(d) measuring a sample intensity spectrum without the particular band of wavelengths being blocked;
(e) computing the area of the sample intensity spectrum for all wavelengths outside the particular band of wavelengths;
(f) computing the area of the sample compensation spectrum for all wavelengths outside the particular band of wavelengths;
(g) computing an insertion loss multiplier as the area of step (e) divided by the area of step (f);
(h) multiplying the sample compensation spectrum of step (c) by the insertion loss multiplier of step (g) and;
(i) subtracting the sample compensation spectrum as modified in step (h) from the sample intensity spectrum of step (d), within the particular band of wavelengths, to obtain an improved sample intensity spectrum.
2. The method of claim 1, further including a method of compensation for a finite blocking transition, comprising the following additional step:
(j) multiplying the sample compensation spectrum as modified in step (h) by a scaling factor F, F having a value of 1.0 at a first wavelength and a value of 0.0 at a second wavelength and having a linear transition from 1.0 to 0.0 for wavelengths between the first and second wavelengths.
3. The method of claim 1, further including a method of smoothing, comprising the following additional steps before step (d):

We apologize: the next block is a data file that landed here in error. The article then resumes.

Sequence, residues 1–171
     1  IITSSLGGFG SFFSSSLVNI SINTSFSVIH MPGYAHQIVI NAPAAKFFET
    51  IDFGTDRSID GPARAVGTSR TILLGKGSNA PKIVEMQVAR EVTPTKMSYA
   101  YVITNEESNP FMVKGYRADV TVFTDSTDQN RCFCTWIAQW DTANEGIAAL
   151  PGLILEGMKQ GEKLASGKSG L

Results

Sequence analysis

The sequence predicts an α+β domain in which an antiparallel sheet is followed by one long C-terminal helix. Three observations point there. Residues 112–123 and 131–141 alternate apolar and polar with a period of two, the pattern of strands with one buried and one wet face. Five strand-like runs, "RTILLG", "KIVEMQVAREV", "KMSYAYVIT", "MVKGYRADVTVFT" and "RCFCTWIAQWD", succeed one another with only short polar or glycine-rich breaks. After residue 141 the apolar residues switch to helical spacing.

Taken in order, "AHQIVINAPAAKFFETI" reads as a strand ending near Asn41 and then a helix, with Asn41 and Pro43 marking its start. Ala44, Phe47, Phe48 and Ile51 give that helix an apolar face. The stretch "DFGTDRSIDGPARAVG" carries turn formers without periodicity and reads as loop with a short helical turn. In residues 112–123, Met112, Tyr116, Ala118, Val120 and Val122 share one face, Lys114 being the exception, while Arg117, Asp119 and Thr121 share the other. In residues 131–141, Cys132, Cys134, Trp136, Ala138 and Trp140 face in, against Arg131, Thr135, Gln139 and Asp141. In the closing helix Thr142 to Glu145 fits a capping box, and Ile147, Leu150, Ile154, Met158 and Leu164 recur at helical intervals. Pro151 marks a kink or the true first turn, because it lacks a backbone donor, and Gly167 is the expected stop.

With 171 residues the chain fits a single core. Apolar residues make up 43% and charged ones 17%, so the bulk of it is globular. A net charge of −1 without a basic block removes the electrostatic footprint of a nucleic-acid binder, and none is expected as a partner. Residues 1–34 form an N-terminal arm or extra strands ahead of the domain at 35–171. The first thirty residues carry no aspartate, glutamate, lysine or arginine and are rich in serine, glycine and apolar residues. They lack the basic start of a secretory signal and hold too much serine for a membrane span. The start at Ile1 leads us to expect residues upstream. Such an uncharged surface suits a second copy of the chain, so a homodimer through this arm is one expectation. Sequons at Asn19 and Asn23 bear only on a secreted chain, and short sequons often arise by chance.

(c1) repeating step (c) multiple times; and
(c2) replacing C(n) with the average of multiple measurements of C(n), resulting from step (c1), where C(n) refers to a discrete value of the compensation spectrum of step (c).
4. The method of claim 1, further including a method of smoothing, comprising the following additional step:
(c1) replacing C(n) with an average including the average of C(n-1), C(n) and C(n+1), where C(n) refers to a discrete value of the compensation spectrum of step (c).
5. A method of improving accuracy of a spectrometer within a particular band of wavelengths, the method comprising the following steps:
(a) illuminating a photosensitive device with a light source having a source spectrum of wavelengths;
(b) blocking the particular band of wavelengths within the source spectrum, but not the entire source spectrum;
(c) measuring a sample compensation spectrum as the response of the photosensitive device while the particular band of wavelengths are blocked, with a sample present, the response of the photosensitive device at wavelengths within the particular band of wavelengths being a measure of aggregate offset, including the effects of stray light;